Also, and I cannot recall another manual transmission car that did this: why do I have to press the clutch and brake every time to start it up?
Cadillac CT5-V Blackwing Features, Options, and Competition
The 2022 Cadillac CT5-V Blackwing starts at $86,015 but optioning it up as close as I could get it to this Canadian-spec press unit yielded a car that would cost $104,965. According to GM Canada’s price sheet, the car you see before you cost exactly $112,753 CAD. Options included the à la carte dual-pane sunroof, more than $10,000 CAD worth of additional carbon fiber, full semi-aniline tan leather seats for $7,000 CAD, bronze brake calipers, bronze wheels, and the assisted parking package.
I may have griped about this car not having an interior that’s quite as nice as the foreign competition, but things start to make more sense when you realize it also isn’t quite as expensive. Its loaded-up as-tested price, for example, is still a few grand less than where the Mercedes-AMG E63S and BMW M5 start, to say nothing of the $140,000 M5 CS, the only version of the latter that can hold a candle to the Blackwing in terms of raw excitement.
Sustainability may very well rank right at the bottom on the list of the CT5-V Blackwing’s priorities, but, for the record, the EPA has rated it for 13 mpg in the city, 21 mpg on the highway, and 15 combined. Marginally less efficient than the aforementioned M5 CS but practically just as thirsty as the Widebody Dodge Charger SRT. Premium fuel is recommended, of course, and there’s no auto stop-start function.
Those looking for an uber-sedan that doesn’t glug nearly as much fuel can look into plug-in Turbo S E-Hybrid versions of the Porsche Panamera, or full-electric alternatives like the Taycan Turbo S or Tesla Model S Plaid. But even though those cars are still technically big-ish luxury sedans capable of excessive speed, gas-powered cars like the Blackwing, Charger, and M5 provide a very different, much more analog experience.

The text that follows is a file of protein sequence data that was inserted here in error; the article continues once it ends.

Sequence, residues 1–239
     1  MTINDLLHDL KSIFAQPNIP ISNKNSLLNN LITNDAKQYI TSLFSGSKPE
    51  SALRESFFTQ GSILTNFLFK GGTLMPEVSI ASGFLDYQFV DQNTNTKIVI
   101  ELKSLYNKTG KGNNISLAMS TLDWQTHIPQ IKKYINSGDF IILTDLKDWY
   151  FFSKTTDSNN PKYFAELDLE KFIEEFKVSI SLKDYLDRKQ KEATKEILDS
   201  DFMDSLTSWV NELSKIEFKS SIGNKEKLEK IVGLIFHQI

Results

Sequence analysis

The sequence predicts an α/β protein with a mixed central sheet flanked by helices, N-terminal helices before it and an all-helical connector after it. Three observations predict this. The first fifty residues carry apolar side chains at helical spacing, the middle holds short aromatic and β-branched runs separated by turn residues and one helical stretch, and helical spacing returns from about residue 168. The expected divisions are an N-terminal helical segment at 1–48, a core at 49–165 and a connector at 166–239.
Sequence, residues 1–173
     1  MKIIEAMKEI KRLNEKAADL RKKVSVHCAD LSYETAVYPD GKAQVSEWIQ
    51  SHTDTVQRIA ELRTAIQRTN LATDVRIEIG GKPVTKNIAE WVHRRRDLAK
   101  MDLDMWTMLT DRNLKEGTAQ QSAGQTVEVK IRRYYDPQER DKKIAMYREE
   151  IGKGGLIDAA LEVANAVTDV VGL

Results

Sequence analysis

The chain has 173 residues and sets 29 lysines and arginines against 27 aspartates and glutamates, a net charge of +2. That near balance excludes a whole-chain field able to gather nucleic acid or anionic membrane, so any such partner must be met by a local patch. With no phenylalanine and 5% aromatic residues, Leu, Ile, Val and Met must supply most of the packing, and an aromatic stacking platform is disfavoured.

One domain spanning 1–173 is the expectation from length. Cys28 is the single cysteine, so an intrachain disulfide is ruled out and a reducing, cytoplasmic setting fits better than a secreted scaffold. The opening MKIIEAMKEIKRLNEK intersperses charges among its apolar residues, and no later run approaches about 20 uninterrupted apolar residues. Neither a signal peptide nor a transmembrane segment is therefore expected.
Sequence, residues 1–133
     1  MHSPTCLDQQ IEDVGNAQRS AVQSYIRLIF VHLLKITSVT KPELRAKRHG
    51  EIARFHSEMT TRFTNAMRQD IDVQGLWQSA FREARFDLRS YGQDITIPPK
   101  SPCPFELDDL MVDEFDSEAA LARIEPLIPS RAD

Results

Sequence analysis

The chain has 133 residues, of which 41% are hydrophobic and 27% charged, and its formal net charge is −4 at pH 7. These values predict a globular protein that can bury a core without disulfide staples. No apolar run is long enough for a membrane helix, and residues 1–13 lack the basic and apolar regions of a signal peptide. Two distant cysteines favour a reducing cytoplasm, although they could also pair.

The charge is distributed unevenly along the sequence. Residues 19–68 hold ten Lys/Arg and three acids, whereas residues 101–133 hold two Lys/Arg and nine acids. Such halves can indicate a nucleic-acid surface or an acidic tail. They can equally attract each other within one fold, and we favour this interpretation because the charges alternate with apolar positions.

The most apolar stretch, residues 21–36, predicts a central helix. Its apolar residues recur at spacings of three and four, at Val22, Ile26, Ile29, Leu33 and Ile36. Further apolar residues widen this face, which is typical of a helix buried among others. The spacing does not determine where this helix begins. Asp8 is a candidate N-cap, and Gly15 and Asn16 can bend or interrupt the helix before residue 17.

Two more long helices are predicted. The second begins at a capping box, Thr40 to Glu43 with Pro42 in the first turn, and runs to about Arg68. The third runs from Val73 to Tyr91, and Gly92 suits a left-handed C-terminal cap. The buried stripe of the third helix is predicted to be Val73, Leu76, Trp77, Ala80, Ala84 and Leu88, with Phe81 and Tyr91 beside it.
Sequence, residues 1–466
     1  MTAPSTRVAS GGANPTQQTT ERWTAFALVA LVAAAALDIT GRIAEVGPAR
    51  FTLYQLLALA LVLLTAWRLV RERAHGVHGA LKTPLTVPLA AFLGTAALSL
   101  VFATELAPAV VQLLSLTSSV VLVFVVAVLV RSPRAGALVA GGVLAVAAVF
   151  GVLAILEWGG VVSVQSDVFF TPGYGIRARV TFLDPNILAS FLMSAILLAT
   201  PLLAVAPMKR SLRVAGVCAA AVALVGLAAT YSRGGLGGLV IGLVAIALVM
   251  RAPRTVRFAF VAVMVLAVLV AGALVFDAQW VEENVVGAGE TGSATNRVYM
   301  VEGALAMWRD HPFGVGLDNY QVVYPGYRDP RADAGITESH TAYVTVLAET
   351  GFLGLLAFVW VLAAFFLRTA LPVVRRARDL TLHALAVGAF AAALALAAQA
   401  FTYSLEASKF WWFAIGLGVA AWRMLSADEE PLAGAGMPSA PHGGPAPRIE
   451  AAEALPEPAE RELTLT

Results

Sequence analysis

Value and Verdict
It’s more physical. And, honestly, it’s the sort of car that’s hard to put a price on. The entire thing—its 668-hp powertrain in particular—feels too special for that. It feels meticulously crafted for true driving enthusiasts rather than outright lap times, although it’s still ridiculously quick. The thrills here feel … dirtier than what you get from the more scientifically engineered competition. The noise it makes just comes off as extremely American and the shift action is delightfully gnarly. It’s downright devilish in its personality and I’m kinda disappointed Cadillac didn’t tune it so that it made exactly 666 hp purely for the shits and giggles. (Or, y’know, 669 hp if we’re gonna be real immature.)
Endearingly wild and wildly endearing, the Cadillac CT5-V Blackwing will go down as one of the last great gas-powered American performance cars. When future generations who don’t know any better pontificate about what exactly was so great about internal combustion, the eight-cylindered Blackwing would be the perfect case study.
Blending properly absurd performance with luxurious tractability and old-world analog charm, it’s a car that truly lets you have your cake and ea—ugh, I can’t even say it.